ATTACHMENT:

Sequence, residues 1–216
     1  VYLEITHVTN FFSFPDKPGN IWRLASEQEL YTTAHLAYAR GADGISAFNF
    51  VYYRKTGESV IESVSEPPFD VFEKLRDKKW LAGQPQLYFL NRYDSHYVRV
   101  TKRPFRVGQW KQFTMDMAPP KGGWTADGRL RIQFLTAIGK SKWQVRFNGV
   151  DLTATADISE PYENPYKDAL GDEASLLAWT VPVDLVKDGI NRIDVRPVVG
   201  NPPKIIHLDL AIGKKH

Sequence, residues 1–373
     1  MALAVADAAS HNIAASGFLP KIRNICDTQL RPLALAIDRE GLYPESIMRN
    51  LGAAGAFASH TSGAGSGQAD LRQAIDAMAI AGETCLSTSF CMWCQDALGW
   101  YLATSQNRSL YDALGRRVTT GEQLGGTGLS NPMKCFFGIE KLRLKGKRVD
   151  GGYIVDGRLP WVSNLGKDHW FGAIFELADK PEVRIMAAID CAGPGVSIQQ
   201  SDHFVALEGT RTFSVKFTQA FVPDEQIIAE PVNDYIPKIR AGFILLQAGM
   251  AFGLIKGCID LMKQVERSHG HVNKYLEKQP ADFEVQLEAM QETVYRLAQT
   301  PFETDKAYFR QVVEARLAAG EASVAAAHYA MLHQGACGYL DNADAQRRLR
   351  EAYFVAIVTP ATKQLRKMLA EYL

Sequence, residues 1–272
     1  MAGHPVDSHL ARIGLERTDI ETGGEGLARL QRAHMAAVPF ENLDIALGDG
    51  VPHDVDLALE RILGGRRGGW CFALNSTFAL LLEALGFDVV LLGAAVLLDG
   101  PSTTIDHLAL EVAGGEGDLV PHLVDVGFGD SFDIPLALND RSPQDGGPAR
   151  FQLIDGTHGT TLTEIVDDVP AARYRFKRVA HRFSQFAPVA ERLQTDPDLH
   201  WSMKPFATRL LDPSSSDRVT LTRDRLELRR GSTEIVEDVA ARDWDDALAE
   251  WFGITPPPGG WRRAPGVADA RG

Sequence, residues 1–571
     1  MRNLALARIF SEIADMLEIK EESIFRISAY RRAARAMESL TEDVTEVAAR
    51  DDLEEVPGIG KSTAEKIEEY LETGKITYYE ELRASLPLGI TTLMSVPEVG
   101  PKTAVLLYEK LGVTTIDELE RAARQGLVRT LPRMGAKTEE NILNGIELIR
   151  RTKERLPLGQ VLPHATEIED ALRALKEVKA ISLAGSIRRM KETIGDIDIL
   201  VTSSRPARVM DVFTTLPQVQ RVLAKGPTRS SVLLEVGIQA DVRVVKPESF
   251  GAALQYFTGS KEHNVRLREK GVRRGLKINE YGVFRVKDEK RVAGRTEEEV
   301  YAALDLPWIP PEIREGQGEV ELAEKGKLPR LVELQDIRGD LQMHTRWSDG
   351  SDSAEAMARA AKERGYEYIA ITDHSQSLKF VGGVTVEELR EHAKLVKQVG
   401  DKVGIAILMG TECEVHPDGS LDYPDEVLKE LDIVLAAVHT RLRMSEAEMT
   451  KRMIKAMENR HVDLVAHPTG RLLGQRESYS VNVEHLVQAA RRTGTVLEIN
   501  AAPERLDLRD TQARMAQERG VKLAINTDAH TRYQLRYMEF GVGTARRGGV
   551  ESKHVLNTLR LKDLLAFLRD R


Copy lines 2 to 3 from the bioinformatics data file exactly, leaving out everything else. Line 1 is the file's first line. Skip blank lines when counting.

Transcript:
     1  VYLEITHVTN FFSFPDKPGN IWRLASEQEL YTTAHLAYAR GADGISAFNF
    51  VYYRKTGESV IESVSEPPFD VFEKLRDKKW LAGQPQLYFL NRYDSHYVRV